Data breaches cost hospitals billions
Posted on 09 November 2010.
Data breaches of patient information cost healthcare organizations nearly $6 billion annually, and that many breaches go undetected, according to a study by the Ponemon Institute.

The research indicates that protecting patient data is a low priority for hospitals and that organizations have little confidence in their ability to secure patient records, putting individuals at great risk for medical identity theft, financial theft and embarrassment of exposure of private information.


"Our research shows that the healthcare industry is struggling to protect sensitive medical information, putting patients at risk of medical identity fraud and costing hospitals and other healthcare services companies millions in annual breach-related costs," said Dr. Larry Ponemon, chairman and founder, Ponemon Institute.

"At this point one would hope to see that healthcare organizations have improved information security practices and come into compliance with HITECH, now that it's been more than one year since it was enacted. Instead we found enormous vulnerabilities. The protection of patient data should be at the forefront of their efforts" he added.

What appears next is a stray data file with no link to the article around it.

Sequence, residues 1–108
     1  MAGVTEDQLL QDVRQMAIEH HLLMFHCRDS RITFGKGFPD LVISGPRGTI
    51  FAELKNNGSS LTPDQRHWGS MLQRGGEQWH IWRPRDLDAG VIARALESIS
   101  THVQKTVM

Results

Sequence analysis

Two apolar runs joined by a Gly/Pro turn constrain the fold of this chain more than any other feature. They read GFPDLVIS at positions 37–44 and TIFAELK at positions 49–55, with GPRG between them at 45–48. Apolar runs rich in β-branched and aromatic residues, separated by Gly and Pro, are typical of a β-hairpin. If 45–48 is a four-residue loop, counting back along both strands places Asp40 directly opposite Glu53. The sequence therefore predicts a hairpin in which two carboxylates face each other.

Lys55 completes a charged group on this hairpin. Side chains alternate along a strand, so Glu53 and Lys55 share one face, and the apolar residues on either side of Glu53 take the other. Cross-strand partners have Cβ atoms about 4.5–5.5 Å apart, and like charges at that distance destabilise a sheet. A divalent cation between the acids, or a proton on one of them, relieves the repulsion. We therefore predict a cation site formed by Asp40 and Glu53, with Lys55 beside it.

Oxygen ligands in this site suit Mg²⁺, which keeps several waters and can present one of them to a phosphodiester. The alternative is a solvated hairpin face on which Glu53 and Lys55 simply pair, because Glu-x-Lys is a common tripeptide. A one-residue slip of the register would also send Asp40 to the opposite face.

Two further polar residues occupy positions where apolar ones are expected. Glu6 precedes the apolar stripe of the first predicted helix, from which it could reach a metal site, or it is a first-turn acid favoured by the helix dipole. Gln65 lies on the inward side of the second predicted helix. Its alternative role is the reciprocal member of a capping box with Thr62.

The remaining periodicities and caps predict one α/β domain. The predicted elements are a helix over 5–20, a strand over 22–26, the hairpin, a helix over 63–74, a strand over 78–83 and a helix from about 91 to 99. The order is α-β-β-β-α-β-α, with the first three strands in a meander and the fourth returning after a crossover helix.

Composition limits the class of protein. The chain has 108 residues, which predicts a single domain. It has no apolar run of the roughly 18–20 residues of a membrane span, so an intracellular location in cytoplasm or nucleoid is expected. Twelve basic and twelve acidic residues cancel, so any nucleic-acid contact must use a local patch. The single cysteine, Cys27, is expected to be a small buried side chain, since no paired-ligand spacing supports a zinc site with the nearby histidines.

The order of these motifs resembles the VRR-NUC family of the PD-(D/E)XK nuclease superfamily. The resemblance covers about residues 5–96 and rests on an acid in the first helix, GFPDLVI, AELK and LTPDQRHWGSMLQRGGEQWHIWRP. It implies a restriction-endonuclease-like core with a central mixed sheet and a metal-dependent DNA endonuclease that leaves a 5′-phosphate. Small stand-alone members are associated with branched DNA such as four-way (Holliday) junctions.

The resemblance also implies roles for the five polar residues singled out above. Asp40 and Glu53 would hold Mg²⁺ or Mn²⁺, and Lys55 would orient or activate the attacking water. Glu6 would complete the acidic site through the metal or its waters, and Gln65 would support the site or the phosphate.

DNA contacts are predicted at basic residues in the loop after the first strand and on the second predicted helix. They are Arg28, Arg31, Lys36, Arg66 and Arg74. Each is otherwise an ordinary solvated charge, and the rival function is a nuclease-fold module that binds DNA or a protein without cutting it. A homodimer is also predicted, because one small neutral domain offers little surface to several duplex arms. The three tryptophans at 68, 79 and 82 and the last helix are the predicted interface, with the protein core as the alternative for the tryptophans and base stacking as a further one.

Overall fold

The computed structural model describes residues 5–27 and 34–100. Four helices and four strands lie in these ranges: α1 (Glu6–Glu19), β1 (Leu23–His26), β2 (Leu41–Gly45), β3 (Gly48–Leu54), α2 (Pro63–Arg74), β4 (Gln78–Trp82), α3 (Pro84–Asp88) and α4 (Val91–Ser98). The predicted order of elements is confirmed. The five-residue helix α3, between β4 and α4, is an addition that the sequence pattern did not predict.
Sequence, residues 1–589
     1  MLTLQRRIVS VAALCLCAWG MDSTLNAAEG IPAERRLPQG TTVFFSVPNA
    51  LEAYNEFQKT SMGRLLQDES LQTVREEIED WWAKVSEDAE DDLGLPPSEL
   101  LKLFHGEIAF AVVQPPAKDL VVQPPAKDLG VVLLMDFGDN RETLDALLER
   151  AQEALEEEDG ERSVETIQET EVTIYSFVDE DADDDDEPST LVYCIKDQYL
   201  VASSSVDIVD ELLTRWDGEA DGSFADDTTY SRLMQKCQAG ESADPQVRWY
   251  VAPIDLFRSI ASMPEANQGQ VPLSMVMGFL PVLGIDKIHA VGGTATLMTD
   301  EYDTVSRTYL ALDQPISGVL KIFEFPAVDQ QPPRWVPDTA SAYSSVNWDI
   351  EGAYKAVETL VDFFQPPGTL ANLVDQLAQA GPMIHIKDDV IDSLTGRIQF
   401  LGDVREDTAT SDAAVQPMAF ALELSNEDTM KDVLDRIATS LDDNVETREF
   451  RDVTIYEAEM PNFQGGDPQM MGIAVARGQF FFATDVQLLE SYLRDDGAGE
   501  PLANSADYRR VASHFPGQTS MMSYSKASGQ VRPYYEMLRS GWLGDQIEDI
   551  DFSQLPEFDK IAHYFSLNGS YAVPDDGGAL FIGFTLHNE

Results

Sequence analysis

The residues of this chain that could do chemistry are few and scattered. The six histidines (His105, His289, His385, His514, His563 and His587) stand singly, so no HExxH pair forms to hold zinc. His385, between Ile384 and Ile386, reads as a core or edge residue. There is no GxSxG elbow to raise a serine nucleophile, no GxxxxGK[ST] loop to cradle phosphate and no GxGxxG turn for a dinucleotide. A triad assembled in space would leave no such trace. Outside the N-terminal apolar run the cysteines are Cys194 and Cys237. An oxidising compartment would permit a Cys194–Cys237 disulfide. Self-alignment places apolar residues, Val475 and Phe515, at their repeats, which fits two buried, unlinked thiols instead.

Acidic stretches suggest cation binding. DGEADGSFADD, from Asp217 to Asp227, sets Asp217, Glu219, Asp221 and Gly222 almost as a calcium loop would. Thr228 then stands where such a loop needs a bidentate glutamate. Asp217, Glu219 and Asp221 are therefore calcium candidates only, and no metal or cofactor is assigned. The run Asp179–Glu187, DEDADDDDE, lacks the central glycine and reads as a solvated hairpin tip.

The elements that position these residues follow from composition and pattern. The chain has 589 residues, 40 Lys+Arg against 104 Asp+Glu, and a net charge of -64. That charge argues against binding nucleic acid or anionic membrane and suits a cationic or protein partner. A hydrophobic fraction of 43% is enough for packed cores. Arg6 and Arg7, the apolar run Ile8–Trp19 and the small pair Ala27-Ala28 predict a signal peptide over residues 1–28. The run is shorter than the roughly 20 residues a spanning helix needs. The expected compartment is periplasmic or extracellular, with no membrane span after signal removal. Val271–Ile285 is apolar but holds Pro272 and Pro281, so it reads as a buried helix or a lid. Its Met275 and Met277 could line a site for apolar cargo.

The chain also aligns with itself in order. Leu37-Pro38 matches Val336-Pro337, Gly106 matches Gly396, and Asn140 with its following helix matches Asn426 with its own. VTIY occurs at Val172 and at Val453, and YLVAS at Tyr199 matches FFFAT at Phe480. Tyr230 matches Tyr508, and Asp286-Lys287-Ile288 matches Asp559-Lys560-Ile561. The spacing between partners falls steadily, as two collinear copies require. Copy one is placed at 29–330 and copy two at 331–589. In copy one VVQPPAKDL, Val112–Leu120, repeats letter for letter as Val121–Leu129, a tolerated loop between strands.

Key findings of the research

Data breaches are costing the healthcare system billions. The total economic burden created by data breaches on the healthcare industry is nearly $6 billion annually. The impact of a data breach over a two-year period is approximately $2 million per organization and the lifetime value of a lost patient is $107,580. The average organization had 2.4 data breach incidents over the past two years. Major factors causing data breaches are unintentional employee action, lost or stolen computing devices and third-party error.

Healthcare organizations are not protecting patient data. Organizations have little or no confidence in their ability to appropriately secure patient records (58 percent). Healthcare organizations have inadequate resources (71 percent) and insufficient policies and procedures in place (69 percent) to prevent and quickly detect patient data loss.

Protecting patient data is not a priority. Seventy percent of hospitals stated that protecting patient data is not a top priority. Patient billing (35 percent) and medical records (26 percent) are the most susceptible to data loss or theft. A majority of organizations have less than two staff dedicated to data protection management (67 percent).

HITECH has exposed the healthcare industry's lax data protection practices rather than improved the safety of patient records. The majority (71 percent) of respondents do not believe the HITECH Act regulations have significantly changed the management practices of patient records. The findings indicate that there is a significant number of data breaches that go undetected, and therefore unreported.





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